I never saw so much rain as in Eugene, rain & mossy roofs—but soft rain, and we’d roam in it sometimes, “no particular place to go” (sez Chuck Berry), or walk “at lilac evening” (Kerouac sez in On the Road, which you knew from Fresno—old Bill Saroyan’s town—and who, BTW, was born here in Lowell, Kerouac, not Saroyan). On foot was the way to see all 3 towns.
I teased you about having thick ankles—“from taking ballet when I was little” you’d say. Then kick it right back to me—“Let’s go get some taa-cos and beeah”—yeah, like that was even close to a Boston accent. Smile.
There was that period when things were getting jangled w/ your boyfriend back in Fresno, and you said one day, in a kinda, I dunno, wistful way, “what we oughta do, let’s make a raft . . . and just float down the river, I hear Jasper is a really nice mellow town.” Crazy, I know. You mighta been reading Huckleberry Finn, (Fuckleberry Hen I think Kesey said) thinking of the Mighty Miss’sip . . . Jasper was actually upriver on the Willamette, not a direction a raft can really float . . . But when you said it we laughed
We never did, of course. Make a raft.
When I got back east, I gave up on college. Too distracting. I just wanted to paint, the way you were always wanting to work with your plants. Some of that musta rubbed off on me, BTW, because guess what? For a while I got into bottle gardens—self-contained mini-rain forests. Almaden bottles were good, soft green glass w/ fluid shapes & little loop handles; or sometimes, big chunky gallon jugs from Gallo mountain burgundy. The work was fussy—couldn’t do it right after drinking the wine—but some of those gardens lasted a long time. When my old lady & I split we agonized over who’d get the bottle gardens. I finally just said, “They’re yours.” What I didn’t know was that she also took a bunch of my favorite LPs. Say la vee. Thing about music and gardens is there’re always more. Life? Mmm—I’m not so sure.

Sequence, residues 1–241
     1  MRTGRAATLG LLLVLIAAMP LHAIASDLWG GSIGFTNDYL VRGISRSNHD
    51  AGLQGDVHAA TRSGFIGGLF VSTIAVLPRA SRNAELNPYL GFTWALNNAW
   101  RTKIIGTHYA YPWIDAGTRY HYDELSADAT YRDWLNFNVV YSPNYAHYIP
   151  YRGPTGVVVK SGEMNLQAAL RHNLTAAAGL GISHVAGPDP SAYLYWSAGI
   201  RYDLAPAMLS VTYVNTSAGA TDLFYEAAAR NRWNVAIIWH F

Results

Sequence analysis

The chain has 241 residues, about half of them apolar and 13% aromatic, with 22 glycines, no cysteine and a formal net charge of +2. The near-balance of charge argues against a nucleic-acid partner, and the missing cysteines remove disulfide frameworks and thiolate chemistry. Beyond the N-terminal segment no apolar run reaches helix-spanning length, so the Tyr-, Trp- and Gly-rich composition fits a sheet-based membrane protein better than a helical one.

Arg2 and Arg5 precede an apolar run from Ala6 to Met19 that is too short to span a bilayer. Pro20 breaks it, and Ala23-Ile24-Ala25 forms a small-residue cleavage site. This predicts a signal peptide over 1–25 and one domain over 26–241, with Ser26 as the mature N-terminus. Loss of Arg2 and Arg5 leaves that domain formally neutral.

I hear from a mutual friend that you’ve had health problems. If you get this & write back you can tell me about that if you want, but I’m not prying, because, shit, I’m not any younger, and for sure not smarter. Last winter I got Covid pretty bad. Yeah. I know. Knucklehead didn’t get the shots. But I’m mostly recovered now, just a little fog in the noggin.
I’ve got a nice apartment—3 rooms is all I need. And my kids keep in touch. I’m a manager at UPS (did I say that?) and still painting, mostly watercolors. No velvet Elvis yet—saving that for my golden years. You still gardening?
Funny what sets the mind turning, isn’t it? A bridge?! I hope they fix this one like the city’s been talking for years, I don’t feel safe going across it.
Guess I’m starting to ramble here. Anyways, like I said, crossing one river got me thinking of another river & I found your old address & I suppose what all rivers’ve got in common is flow . . . like time.
Yeah. Well … anyways. I do hope you’re well, Mary Lou. Write me if you get this. If you want.
Love & peace, etc.
Your friend, Simon
P.S. Sometimes (not gonna lie), I wonder where that raft trip might’ve led.
David Daniel’s newest book is Beach Town, a collection of stories from Loom Press (Order at www.loompress.com)